I cannot believe Viasat allows so many customers to attempt to share so little bandwidth. Paying way too much and cant use service.

  • 1
  • Problem
  • Updated 7 months ago
  • Acknowledged
I cannot believe Viasat allows so many customers to attempt to share so little bandwidth. After kids get out of school each day and on weekends I get about .4 MBPS. Thats Point 4.. Th
Photo of rmduke

rmduke

  • 3 Posts
  • 2 Reply Likes

Posted 11 months ago

  • 1
Photo of Ron Frank

Ron Frank

  • 320 Posts
  • 205 Reply Likes
That is exactly the problem.  And every one of those customers is paying way too much just like you are for service they cant use either.  Which what ???????

Makes them a bunch of money, and looks good to investors making the stock prices go/stay up.
  
They lock new customers in for a 2 year "service contract" so once they figure out it doesnt work half the time, they cant leave, and if they do, Viasat still makes money from the early termination fees, which what ???????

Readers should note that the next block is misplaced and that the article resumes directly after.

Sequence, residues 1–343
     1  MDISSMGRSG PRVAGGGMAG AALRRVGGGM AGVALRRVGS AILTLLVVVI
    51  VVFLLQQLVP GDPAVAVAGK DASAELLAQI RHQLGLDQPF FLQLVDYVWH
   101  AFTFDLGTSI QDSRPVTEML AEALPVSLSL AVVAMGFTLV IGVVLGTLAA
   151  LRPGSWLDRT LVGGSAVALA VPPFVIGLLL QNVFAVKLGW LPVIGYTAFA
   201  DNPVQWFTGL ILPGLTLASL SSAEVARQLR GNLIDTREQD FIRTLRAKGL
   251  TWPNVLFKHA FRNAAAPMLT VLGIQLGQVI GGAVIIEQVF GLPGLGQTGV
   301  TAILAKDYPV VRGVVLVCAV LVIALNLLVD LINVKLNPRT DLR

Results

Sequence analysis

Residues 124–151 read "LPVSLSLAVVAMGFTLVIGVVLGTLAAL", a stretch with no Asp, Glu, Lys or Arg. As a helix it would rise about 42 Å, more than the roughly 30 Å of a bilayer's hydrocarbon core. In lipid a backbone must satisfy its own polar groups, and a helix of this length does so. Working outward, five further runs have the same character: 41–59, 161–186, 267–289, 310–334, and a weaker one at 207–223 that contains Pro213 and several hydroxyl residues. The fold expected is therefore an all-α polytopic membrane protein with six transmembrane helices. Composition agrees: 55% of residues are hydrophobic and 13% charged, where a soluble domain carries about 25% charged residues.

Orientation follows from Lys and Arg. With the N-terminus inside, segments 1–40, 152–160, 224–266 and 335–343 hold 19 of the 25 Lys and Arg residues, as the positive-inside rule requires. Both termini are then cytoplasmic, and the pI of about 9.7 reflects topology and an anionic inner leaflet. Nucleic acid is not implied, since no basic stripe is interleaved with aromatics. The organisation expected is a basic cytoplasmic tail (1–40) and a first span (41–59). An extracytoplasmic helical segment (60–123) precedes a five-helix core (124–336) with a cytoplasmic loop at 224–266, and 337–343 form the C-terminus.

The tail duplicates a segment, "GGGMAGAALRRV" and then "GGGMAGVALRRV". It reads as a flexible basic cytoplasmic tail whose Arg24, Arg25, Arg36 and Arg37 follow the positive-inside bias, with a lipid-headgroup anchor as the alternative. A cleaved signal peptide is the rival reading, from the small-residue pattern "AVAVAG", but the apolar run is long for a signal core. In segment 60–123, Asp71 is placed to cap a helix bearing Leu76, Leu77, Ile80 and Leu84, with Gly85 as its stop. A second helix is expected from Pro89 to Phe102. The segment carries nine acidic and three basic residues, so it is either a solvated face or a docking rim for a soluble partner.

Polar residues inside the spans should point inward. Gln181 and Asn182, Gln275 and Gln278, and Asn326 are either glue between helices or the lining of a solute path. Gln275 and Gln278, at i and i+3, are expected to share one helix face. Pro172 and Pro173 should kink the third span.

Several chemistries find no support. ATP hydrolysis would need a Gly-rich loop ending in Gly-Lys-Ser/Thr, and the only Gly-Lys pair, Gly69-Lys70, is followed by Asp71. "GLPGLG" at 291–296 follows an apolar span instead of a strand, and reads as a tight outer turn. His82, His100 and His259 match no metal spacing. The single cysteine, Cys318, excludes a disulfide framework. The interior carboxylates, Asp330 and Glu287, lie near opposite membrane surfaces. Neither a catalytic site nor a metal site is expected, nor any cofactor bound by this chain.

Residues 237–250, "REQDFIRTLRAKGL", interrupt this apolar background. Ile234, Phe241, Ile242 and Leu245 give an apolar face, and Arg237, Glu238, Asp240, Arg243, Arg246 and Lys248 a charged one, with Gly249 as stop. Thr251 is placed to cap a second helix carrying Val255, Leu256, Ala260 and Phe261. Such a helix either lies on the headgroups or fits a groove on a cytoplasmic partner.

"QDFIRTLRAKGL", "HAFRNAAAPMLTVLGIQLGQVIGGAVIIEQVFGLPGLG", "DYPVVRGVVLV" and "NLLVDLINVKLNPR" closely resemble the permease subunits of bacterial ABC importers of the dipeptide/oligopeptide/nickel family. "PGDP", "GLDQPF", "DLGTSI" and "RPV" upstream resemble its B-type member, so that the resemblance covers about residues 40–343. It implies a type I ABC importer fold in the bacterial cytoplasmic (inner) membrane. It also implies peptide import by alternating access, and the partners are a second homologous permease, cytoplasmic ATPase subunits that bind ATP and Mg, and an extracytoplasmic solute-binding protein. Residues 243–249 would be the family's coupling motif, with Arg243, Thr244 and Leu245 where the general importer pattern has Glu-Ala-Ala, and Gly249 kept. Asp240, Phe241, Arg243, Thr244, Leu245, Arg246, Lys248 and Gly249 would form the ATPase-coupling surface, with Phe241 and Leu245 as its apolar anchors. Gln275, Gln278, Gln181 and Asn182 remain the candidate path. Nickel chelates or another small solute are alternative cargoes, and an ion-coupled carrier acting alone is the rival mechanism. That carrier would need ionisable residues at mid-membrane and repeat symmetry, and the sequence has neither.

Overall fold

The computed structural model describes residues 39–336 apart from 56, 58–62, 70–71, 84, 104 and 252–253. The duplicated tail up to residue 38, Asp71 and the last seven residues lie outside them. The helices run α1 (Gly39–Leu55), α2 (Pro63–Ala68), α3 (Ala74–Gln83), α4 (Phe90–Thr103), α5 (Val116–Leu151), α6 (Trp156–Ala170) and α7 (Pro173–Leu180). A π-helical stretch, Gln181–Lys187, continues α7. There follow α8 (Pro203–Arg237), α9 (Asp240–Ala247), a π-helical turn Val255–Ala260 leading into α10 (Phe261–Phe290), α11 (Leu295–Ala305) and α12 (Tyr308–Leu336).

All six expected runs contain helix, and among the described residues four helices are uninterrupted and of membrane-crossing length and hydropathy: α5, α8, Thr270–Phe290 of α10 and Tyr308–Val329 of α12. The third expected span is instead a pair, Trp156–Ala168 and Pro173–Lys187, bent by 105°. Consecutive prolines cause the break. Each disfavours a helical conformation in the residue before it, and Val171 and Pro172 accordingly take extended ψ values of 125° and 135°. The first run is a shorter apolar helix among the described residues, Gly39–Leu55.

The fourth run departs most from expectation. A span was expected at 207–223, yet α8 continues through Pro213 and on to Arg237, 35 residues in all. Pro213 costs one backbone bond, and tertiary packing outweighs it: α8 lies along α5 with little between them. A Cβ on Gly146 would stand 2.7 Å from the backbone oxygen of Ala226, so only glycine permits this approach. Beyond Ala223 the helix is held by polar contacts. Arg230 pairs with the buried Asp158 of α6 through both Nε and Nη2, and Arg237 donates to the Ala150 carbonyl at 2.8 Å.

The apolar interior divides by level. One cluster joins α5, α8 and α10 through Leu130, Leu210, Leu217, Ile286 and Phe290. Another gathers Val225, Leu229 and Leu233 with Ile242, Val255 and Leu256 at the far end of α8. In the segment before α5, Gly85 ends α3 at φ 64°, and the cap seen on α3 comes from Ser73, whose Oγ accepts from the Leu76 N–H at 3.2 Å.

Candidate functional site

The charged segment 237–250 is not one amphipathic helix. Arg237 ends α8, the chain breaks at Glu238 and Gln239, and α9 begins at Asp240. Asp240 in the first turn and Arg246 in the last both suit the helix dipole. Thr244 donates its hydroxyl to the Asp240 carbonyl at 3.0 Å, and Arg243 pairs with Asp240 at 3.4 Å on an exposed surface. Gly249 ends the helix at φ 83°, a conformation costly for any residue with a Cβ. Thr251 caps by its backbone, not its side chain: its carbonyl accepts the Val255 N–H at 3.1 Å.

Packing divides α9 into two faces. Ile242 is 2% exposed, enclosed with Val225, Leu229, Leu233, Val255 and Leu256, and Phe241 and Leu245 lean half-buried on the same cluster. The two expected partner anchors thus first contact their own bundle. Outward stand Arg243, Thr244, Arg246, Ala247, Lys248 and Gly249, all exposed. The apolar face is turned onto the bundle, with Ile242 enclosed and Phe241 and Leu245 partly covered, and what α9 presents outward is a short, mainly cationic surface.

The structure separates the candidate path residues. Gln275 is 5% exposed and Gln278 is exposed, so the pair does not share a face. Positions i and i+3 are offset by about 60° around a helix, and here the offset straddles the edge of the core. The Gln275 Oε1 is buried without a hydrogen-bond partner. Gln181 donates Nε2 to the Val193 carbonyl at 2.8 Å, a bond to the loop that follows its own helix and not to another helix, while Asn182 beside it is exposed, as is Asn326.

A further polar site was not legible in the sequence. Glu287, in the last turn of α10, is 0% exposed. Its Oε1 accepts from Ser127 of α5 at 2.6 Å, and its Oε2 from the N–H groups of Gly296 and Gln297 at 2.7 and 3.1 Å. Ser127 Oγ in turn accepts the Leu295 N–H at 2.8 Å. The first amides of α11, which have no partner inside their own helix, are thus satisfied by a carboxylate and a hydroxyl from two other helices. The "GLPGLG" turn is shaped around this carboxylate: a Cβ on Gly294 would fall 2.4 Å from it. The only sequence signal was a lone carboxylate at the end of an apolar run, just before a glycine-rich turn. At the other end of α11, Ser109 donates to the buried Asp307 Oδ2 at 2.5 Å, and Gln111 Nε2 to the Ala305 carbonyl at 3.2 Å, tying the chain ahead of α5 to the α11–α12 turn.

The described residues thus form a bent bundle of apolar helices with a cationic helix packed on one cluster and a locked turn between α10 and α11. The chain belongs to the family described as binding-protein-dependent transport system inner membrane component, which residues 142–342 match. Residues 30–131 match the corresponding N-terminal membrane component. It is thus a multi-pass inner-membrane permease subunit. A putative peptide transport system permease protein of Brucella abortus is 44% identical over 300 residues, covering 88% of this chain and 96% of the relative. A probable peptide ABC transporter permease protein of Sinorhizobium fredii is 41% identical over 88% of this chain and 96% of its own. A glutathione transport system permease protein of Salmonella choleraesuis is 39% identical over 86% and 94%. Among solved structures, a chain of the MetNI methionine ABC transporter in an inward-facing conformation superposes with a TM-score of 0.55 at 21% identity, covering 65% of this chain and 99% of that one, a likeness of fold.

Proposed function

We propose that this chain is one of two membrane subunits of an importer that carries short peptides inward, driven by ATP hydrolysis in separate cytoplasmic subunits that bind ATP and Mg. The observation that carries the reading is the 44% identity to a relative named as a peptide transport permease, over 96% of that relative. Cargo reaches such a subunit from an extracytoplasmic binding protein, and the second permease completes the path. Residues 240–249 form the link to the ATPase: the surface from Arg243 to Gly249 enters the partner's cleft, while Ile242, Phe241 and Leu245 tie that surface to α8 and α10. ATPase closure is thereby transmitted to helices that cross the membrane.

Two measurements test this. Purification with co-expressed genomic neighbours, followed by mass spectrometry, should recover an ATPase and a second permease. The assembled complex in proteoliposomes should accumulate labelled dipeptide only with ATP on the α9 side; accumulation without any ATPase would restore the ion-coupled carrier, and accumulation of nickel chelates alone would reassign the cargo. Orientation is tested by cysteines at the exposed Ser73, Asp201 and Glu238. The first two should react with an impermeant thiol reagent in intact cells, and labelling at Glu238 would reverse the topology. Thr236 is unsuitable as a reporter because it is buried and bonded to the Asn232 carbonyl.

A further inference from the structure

Makes them a bunch of money, and looks good to investors making the stock prices go/stay up. 

Sadly its not just Viasat.  This seems to be the business model for the 21st century.  Customers mean NOTHING ..... its all about the $$$$$$$$$$.  From poor quality, over priced goods and services that dont last or perform as expected, to food and drugs that make you sick or flat out kill you.  ITS ALL ABOUT THE $HAREHOLDER$ ... THE CONSUMER DOESNT MATTER!

One thing Ive come to learn, and not simply with Viasat but ANY provider, of ANY service.  If there is a "service contract" ... there is a reason there is a service contract!!   HAPPY, SATISFIED CUSTOMERS DONT LEAVE!
(Edited)
Photo of Karen Weindel

Karen Weindel

  • 2 Posts
  • 0 Reply Likes